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People and Flowers in BITEC Exhibition Centre, Bangkok

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The Thais are Gardeners, really. I will never forget my visit to a military base in Prachuap Khiri Khan which looked rather like a botanical garden. Even Thai military people prefer living in a beautiful garden instead of a dystopian cement environment.

If you believe that "it's just the climate", visit some countries neighboring Thailand and you'll know that the hot weather itself doesn't make cities and people's yards look like botanical gardens.

Just as the northern climate doesn't turn lawns and parks into alpine hills.

What makes people connoisseurs of beauty, including floral one, are peaceful life generation after generation and a decent economy.

And that's what Bangkok City has had for a long while.

But let's take a break from generalizations and turn our eyes to flowers. Recently, I visited BITEC Exhibition Centre and enjoyed numerous plant stores there.

Such a visit is a pleasure for me not only because potted plants are the feast of color and, thus, a tempting object for photography but also for the reason I have appreciated flora since very childhood. I used to grow succulents on windowsills and berries in the garden and I even dreamed of creating my own botanical garden. I ended up a person who stays in Thailand endlessly, and I think that's the optimal solution for my dream - instead of establishing a botanical garden, I moved to live in a botanical garden, a huge one, a very, very... huge one we call Thailand ๐Ÿ˜

I don't have a land to grow a garden and even no plants to care about except a tiny sapodilla in a pot. But if I had a place, I would probably try growing those unusual varieties of banana.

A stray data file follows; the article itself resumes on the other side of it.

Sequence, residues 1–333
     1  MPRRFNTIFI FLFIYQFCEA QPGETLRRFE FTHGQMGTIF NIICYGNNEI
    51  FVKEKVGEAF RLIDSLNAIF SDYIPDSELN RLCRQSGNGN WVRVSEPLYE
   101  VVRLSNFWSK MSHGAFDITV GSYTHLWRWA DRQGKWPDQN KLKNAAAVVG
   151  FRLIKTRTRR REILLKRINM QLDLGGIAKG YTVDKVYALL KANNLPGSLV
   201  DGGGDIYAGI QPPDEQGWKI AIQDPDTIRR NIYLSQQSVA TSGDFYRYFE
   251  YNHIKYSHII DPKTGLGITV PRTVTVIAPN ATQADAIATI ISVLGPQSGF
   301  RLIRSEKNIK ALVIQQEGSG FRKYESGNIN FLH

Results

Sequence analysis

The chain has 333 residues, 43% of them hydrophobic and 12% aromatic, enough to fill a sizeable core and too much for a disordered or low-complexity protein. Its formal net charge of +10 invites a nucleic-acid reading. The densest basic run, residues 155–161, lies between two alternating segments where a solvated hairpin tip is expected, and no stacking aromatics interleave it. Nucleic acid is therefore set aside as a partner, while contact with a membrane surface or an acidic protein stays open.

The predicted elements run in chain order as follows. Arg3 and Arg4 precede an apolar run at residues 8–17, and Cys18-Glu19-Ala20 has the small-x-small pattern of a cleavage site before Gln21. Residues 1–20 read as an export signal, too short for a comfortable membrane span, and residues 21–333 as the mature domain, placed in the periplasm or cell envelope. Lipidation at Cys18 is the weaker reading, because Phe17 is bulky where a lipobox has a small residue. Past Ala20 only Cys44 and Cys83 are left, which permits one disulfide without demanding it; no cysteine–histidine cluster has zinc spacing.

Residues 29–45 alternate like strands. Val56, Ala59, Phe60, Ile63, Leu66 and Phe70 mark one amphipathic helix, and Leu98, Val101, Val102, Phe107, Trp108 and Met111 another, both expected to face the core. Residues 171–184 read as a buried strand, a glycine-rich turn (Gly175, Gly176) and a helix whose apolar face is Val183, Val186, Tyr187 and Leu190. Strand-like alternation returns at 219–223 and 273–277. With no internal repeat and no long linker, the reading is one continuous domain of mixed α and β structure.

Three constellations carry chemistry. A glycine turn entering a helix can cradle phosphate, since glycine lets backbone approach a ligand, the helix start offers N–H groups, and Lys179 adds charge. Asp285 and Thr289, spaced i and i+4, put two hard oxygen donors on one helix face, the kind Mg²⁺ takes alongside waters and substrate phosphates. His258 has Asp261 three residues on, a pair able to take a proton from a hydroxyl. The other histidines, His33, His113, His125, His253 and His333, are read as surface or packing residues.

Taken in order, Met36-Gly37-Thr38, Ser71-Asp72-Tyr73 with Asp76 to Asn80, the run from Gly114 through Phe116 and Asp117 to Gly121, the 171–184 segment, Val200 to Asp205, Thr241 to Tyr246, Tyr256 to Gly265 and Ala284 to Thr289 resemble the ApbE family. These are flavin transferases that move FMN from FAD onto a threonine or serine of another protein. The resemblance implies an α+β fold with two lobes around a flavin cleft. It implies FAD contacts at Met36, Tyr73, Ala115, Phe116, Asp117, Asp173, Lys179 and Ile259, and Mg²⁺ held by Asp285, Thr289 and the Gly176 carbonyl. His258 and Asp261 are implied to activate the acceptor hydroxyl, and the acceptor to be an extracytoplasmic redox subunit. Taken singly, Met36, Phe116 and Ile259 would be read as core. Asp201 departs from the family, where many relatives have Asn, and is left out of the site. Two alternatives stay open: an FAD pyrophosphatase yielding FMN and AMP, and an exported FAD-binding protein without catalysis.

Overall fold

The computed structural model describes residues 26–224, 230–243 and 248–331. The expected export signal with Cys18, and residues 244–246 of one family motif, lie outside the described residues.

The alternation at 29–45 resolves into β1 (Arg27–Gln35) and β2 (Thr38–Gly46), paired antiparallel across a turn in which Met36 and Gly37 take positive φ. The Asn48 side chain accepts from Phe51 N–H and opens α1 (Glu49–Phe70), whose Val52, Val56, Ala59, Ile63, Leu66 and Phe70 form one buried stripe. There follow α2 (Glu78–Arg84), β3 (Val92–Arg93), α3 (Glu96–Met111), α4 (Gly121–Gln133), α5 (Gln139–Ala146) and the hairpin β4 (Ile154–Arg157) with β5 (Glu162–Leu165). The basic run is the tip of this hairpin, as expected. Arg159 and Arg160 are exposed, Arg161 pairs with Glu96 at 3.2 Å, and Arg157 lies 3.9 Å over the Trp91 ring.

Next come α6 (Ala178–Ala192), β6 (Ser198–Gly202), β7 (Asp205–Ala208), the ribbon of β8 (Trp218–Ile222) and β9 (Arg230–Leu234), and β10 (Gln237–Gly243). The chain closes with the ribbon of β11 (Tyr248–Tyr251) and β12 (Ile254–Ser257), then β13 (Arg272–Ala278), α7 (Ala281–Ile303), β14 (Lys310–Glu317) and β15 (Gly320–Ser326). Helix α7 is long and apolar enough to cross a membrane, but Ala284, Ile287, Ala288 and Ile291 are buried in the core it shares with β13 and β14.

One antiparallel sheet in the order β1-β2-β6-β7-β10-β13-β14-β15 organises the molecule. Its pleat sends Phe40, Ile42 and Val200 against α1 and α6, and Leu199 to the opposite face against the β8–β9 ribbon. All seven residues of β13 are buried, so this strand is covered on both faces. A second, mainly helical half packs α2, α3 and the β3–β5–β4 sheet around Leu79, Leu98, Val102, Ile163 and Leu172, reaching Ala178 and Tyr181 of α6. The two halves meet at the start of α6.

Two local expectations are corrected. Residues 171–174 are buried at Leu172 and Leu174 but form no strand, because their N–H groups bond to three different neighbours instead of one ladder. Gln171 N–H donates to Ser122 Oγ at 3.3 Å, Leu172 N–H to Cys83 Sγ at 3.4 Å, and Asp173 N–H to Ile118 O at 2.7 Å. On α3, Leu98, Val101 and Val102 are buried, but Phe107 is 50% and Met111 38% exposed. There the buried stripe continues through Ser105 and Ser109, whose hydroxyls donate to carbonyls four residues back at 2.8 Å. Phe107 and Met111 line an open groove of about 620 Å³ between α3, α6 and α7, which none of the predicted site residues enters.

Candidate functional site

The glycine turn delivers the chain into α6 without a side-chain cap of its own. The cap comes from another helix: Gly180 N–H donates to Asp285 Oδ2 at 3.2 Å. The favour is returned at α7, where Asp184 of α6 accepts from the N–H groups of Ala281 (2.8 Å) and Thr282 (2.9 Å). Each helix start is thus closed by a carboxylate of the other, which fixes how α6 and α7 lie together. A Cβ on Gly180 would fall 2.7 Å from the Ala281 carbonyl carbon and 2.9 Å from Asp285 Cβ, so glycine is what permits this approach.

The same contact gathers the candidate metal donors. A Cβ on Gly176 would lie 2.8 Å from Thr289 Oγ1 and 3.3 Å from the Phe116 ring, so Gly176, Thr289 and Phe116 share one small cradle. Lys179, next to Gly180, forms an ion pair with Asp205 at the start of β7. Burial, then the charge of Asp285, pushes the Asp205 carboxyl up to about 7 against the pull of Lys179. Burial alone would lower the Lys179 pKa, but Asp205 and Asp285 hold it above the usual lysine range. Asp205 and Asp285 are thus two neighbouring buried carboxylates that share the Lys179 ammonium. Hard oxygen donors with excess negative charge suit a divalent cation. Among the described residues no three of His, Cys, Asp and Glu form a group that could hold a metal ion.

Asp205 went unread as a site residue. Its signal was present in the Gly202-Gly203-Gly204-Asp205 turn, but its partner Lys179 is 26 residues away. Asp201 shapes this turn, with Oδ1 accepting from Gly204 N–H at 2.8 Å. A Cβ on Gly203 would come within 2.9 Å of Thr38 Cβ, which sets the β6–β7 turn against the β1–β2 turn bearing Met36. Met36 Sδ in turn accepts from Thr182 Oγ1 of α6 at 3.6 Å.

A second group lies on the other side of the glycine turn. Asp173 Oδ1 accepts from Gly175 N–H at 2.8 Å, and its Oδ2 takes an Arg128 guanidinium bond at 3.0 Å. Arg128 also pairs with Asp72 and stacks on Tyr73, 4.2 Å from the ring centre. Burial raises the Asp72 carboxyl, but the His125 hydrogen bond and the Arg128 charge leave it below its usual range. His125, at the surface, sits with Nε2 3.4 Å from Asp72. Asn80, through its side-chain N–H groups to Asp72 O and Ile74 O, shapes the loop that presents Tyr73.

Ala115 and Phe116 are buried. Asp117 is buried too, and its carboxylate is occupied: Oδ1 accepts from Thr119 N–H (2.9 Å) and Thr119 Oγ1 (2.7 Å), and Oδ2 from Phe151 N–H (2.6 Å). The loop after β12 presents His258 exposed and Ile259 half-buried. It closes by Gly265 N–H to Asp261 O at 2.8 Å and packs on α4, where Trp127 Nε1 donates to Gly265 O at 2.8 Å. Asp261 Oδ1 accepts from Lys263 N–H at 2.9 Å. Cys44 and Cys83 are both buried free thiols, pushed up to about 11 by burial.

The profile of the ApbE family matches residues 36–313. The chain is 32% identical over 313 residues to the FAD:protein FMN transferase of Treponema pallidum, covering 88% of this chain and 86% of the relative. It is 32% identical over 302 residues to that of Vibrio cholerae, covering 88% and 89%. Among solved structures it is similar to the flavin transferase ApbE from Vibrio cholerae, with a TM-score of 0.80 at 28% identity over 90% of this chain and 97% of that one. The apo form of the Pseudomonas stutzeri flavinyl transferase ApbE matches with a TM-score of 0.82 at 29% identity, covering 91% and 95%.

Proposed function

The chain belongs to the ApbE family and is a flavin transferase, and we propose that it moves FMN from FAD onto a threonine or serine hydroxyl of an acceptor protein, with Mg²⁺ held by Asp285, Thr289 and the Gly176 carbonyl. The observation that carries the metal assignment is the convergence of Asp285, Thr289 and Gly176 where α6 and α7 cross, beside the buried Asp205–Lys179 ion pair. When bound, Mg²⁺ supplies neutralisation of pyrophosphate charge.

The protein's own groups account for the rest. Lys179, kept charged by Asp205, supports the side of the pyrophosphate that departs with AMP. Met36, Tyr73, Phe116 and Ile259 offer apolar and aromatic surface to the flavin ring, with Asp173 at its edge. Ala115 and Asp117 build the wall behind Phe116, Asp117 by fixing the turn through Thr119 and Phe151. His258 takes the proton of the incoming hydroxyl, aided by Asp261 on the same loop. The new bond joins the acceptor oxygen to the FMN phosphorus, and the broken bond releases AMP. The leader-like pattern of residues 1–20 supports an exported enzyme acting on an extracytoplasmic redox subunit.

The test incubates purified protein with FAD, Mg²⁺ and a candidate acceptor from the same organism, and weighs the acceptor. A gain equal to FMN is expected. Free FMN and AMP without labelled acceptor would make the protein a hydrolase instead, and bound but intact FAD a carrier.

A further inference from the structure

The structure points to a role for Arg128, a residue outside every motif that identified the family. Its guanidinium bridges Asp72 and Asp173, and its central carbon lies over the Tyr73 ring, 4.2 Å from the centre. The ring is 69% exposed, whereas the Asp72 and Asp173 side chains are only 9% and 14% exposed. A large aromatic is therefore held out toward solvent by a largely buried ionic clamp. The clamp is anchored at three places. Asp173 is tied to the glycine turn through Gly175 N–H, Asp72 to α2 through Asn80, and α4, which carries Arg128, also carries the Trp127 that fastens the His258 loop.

Look at this, how big compared with the palm!

It's not only about the look but the taste too: sellers of banana plants sometimes suggest samples to try at exhibitions and fairs. Once, I ate a piece with quite a strawberry flavor, impressive.

But Bangkokians prefer more exotic plants like everything from colder countries, for example, roses:

Roses tend to die in Thailand. But people keep trying and some of them succeed with some varieties - I am not aware of the details but you can find rose shrubs in some parks in Bangkok...

Also... I don't have the facts in hand, but I suspect that rose plant farmers grow roses in AC rooms, but customers are not told this...

Another exotic plant that attracted visitors' attention:

Grapevine. Some varieties grow well outdoors in Thailand.

Not the best image but look at this:

A guest from far away, an olive tree. Huge, centuries-old! For sale.

Another group of exotic plants originate from the tropics of the Americas.

For example, the cacti, one of the most popular group of plants here in Bangkok.

Of course, there are a ton of orchids:

And aroids:

Prices for plants are democratic: below 1$ for young common plants and around 5-7$ for older ones.

New arrivals, plants not many saw before in the Thai plant market, cost 100$ and more. Prices for centuries-old olive trees start from 5.000$.

Bangkok hosts plant exhibitions and fairs, and there is also a plant market.

I love attending events like this, even though I don't buy plants. I get aesthetic pleasure as if I were walking through a botanical garden, and then I also enjoy the photographs.

Hope you liked my photo walk, thanks for stopping by!

More images and stories from Southeast Asia are ahead! Check out the previous ones on my personal Pinmapple map.

I took these images with a Nikkor 50mm and a Nikkor 24mm on a full-frame DSLR Nikon D750 on March 23 and 31, 2024, in Bangkok, Thailand.